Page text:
Robert Grosvenor, Untitled (2020), via Karma
Robert Grosvenor, Untitled (2020), via Karma (more…)

Peter Saul and Jamian Juliano-Villani Interviewed in Art News

Tuesday, February 4th, 2020

Peter Saul and Jamian Juliano-Villani speak with each other for an interview this week in Art News, discussing their work and their senses of humor. “You know how you have all the different areas for tastes on your tongue? In paintings I’ve got to hit those marks—and humor is one of them,” Juliano-Villani says. “When I make a painting, I like to start out with something stupid, then bring it somewhere to cancel that out—then bring it back to something else.” (more…)

Art Newspaper Documents Massive Bill for Flood Damage in Venice

Tuesday, February 4th, 2020

The Art Newspaper has a piece this week documenting the immense cost of the recent flood damage in Venice, and the challenges the city will face as climate change continues to threaten the lagoon city. “We now need to draw a line between the emergency response and subsequent restoration projects,” says Manuela Carpani, the head of the local authority for archaeology, fine art and landscape. (more…)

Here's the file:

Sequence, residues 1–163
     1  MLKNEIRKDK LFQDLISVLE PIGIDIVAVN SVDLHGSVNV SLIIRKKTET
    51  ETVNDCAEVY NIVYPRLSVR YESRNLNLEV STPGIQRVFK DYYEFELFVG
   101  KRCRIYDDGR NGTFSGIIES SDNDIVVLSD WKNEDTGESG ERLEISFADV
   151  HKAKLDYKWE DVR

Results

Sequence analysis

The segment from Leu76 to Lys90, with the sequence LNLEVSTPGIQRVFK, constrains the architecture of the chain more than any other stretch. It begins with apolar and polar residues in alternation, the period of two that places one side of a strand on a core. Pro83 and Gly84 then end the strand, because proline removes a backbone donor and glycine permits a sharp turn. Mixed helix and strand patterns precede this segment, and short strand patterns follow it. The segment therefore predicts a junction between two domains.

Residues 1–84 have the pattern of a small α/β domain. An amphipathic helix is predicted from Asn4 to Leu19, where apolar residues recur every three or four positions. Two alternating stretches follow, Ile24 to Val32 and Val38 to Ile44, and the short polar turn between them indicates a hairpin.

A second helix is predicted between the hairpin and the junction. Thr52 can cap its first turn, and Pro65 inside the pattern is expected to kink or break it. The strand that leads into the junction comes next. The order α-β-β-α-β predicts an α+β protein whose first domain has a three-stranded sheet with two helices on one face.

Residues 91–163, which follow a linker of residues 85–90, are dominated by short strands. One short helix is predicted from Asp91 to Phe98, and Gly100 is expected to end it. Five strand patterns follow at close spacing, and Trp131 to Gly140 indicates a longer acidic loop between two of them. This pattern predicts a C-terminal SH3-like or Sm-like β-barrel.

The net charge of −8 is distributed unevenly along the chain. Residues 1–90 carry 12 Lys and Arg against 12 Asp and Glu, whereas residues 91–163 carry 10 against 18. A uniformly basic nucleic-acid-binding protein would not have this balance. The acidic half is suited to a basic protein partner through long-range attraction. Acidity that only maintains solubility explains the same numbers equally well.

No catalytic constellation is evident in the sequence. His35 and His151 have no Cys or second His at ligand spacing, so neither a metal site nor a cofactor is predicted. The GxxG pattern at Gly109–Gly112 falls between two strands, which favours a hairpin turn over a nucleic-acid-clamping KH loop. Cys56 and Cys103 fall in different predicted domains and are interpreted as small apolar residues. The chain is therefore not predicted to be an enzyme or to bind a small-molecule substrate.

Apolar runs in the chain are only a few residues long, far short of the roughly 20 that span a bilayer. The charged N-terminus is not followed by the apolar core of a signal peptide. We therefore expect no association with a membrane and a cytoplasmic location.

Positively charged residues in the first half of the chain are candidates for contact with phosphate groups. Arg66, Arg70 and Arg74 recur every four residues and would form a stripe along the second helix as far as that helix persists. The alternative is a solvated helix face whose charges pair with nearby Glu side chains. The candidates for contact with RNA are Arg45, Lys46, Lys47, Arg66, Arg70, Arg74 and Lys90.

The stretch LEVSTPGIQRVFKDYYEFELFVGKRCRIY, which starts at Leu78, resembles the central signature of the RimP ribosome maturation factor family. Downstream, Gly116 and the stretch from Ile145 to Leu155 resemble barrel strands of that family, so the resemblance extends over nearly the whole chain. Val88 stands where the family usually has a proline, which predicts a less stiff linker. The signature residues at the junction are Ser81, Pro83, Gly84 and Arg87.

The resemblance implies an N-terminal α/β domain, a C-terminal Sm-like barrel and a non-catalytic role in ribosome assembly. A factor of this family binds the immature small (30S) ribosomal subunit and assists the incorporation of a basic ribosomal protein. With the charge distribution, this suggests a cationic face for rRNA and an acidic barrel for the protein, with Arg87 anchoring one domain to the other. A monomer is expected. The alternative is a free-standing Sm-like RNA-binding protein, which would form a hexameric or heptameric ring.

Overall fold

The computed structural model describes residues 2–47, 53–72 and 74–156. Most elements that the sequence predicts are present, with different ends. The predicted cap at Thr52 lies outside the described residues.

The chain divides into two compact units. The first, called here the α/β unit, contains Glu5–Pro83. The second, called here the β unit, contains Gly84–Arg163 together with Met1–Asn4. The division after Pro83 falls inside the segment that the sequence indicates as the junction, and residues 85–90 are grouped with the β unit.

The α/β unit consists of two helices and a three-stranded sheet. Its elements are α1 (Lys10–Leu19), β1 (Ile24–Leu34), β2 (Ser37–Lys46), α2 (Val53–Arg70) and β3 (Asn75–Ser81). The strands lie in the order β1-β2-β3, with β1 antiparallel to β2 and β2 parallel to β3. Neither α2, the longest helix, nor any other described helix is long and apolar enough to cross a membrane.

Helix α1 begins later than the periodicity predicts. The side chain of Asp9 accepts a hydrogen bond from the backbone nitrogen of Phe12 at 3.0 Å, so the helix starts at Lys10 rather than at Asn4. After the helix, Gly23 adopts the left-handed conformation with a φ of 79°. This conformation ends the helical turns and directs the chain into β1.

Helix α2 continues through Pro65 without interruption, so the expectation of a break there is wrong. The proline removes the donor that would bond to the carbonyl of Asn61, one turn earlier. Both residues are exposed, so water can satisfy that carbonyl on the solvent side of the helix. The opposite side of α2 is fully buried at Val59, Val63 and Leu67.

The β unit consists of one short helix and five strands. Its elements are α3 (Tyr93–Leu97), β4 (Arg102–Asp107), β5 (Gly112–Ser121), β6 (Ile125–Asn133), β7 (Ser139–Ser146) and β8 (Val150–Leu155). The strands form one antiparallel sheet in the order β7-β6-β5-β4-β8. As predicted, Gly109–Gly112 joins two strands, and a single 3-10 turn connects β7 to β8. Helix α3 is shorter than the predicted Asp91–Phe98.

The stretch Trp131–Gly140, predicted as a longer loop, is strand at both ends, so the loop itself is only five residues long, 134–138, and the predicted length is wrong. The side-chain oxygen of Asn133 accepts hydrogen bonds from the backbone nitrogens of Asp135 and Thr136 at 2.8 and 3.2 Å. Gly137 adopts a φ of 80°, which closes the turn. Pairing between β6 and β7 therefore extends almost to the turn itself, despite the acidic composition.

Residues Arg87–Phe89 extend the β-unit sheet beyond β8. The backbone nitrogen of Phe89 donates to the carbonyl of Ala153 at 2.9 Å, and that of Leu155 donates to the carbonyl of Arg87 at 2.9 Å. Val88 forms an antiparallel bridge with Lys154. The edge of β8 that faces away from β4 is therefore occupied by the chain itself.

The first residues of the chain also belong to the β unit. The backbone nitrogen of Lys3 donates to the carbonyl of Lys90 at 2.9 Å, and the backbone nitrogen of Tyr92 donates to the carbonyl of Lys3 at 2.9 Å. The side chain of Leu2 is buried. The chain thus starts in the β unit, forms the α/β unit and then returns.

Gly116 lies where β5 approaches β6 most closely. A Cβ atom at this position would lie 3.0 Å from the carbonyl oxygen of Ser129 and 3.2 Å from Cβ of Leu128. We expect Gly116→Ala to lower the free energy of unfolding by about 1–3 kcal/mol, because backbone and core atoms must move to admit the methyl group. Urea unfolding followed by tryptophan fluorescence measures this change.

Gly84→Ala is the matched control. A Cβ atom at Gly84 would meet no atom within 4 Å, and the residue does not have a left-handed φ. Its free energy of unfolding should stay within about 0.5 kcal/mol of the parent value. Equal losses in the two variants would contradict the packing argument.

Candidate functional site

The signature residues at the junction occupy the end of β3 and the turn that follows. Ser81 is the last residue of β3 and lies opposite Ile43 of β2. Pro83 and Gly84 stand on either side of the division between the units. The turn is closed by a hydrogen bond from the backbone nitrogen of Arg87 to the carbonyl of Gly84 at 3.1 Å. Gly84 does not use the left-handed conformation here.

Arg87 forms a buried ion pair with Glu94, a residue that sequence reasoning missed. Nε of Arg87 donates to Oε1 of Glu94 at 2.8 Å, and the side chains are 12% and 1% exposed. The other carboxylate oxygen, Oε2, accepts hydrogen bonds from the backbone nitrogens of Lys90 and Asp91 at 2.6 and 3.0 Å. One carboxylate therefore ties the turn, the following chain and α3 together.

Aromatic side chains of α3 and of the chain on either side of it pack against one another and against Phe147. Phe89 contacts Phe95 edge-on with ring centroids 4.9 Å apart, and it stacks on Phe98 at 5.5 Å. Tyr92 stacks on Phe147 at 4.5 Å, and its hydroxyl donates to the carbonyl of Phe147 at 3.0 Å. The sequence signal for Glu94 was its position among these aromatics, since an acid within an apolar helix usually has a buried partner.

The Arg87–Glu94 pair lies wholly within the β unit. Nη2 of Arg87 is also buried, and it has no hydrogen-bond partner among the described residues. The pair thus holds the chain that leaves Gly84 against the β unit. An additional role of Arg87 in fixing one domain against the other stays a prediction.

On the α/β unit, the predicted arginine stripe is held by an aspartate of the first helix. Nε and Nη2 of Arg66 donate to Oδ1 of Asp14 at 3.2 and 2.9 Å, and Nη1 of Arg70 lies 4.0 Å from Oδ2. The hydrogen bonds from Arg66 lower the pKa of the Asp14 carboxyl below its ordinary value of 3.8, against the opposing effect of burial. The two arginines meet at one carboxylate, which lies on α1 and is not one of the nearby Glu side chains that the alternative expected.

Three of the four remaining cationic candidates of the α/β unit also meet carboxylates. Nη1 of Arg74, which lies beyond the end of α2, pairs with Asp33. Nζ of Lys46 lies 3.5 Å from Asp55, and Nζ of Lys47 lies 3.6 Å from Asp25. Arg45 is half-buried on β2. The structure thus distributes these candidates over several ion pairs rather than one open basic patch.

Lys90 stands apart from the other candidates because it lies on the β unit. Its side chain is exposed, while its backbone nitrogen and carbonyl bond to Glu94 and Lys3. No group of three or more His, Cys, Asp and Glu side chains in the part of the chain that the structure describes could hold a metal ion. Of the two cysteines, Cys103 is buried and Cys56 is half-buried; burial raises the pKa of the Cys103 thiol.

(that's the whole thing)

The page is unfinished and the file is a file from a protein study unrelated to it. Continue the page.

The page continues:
New York Times Publishes Op-Ed by Christine Sun Kim, Sign Language Performer and Artist Over Super Bowl Incluision

Tuesday, February 4th, 2020

Artist Christine Sun Kim, who showed in last year’s Whitney Biennial, was tapped this week to perform the sign language version of the National Anthem during the Super Bowl, calling out the broadcasters for failing to include more footage her performance.  “To be honest, it was a huge disappointment — a missed opportunity in the struggle for media inclusiveness on a large scale,” she writes in the NYT. “Though thrilled and excited to be on the field serving the deaf community, I was angry and exasperated.” (more…)

New Delhi Police Censor Protest-Based work at India Art Fair

Tuesday, February 4th, 2020

A “community artwork” referencing recent anti-government protests and placed on view at the India Art Fair (IAF) in New Delhi was shut down by police this week, Art Newspaper reports. “Our contract with the Italian Embassy Cultural Centre (where the work was exhibited), consistent with others, required them to share with us the details of all activities which were to take place at their booth over the course of four days of India Art Fair,” a statement from the fair reads. (more…)

NYT Profiles Outpouring of Art During Baghdad Protests

Tuesday, February 4th, 2020

The New York Times has a piece on the explosion of recent street art in Iraq as anti-government protests grow in scale and focus.  “You know, we have many thoughts about Iraq, but no one from the government ever asked us,” says art teacher Riad Rahim. (more…)